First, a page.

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Latest 2022 hurricane forecast: 19 named systems, 9 hurricanes, 4 major storms

The forecast calls for a similar season to that of 2021, which had 21 named storms and 7 hurricanes.
A man makes his way along Bayshore Boulevard in heavy rain amid Hurricane Eta in 2020 in Tampa. Forecasters say 2022 will be another active hurricane season.
A man makes his way along Bayshore Boulevard in heavy rain amid Hurricane Eta in 2020 in Tampa. Forecasters say 2022 will be another active hurricane season. [ MARTHA ASENCIO RHINE | Times ]
Published Apr. 7|Updated Apr. 7

The Atlantic Ocean’s active stretch of above-normal hurricane seasons appears poised to continue.

A hurricane forecast released Thursday by Colorado State University projects the Atlantic will churn out 19 named storms, nine hurricanes and four major storms this year. The 30-year average, by comparison, is 14 named storms, seven hurricanes and three major storms.

Related: AccuWeather forecasts 7th straight above-average hurricane season in 2022

The forecast is slightly more active than that of AccuWeather, which projected last week that this summer and fall will produce six to eight hurricanes.

Colorado State’s forecast was presented by researcher Phil Klotzbach at the 2022 Hurricane Conference. Klotzbach laid out the reasons for the prediction of an active season: There is just a 10 percent chance of El Niño developing and water in the subtropical Atlantic and Caribbean Sea is already warmer than usual.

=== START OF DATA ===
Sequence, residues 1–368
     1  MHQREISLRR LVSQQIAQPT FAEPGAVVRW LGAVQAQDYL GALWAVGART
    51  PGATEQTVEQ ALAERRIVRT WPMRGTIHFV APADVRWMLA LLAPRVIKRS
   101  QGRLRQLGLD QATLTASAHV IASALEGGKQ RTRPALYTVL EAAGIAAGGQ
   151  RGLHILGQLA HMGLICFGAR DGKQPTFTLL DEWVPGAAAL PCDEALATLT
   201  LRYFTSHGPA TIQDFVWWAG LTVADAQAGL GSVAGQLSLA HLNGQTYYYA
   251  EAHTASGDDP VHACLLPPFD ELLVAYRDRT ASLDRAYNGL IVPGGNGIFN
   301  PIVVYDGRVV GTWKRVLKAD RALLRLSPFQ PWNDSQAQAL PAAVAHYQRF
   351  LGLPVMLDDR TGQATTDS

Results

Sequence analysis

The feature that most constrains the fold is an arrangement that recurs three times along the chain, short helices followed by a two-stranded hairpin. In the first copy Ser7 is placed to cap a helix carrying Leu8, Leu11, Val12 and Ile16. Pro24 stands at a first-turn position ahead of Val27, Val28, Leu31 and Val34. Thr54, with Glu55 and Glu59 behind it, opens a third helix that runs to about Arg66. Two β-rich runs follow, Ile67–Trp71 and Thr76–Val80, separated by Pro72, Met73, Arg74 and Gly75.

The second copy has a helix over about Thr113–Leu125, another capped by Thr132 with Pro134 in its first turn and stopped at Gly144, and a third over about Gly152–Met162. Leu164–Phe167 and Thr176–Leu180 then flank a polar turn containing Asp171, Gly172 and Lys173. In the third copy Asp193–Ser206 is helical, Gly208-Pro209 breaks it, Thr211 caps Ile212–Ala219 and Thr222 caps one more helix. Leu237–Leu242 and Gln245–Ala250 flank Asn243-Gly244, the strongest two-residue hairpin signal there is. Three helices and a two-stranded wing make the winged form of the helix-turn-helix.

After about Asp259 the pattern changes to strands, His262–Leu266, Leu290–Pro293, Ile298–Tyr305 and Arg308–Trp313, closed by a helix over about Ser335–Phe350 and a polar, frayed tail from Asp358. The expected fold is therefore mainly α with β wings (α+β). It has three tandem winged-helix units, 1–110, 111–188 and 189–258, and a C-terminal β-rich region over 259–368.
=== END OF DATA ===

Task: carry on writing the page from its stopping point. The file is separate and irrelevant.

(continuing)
El Niño is a Pacific phenomenon that impacts weather throughout the globe. During hurricane season, its presence creates strong wind shear over the tropical Atlantic that disrupts storm formation. Without it, developing storms face little resistance.

“If you look at National Hurricane Center discussions on a storm, they’re always talking about ‘shear, shear, shear,’” Klotzbach said. “That’s because it is a critical factor impacting hurricanes. When you have too much shear it tears apart the hurricane, tilts the circulation and you don’t get the wind increase needed to produce a strong hurricane.”

El Niño’s opposing weather pattern, La Niña, is present now and produces favorable conditions for storms. It has been around more often in the past seven years, Klotzbach said, which is a major factor in why the Atlantic has been active each summer.

“This continuous La Niña-like signal we’ve seen for the last several years looks like it’s probably going to persist through this year’s hurricane season,” Klotzbach said. “So if it feels like it’s been busy, it has.”

A report released by the university says it expects there to be 90 days with an active tropical storm or hurricane somewhere in the Atlantic Ocean this year.

Klotzbach says the U.S. mainland has a 71 percent chance of being struck by a major hurricane this year, while the east coast, which includes Tampa Bay and the Florida Panhandle by the university’s classification, has a 47 percent chance. The other section, from the Florida-Alabama border through Texas, has a 46 percent chance.

In an average year, Klotzbach says, these regions would have a 30 and 31 percent chance of a direct strike from a single Category 3 hurricane or higher.

Colorado State is often heralded as one of two premier hurricane forecasts released annually, along with the National Oceanic and Atmospheric Administration, which is expected to release its forecast later this month. The university will release an updated forecast on June 2 at the beginning of hurricane season.

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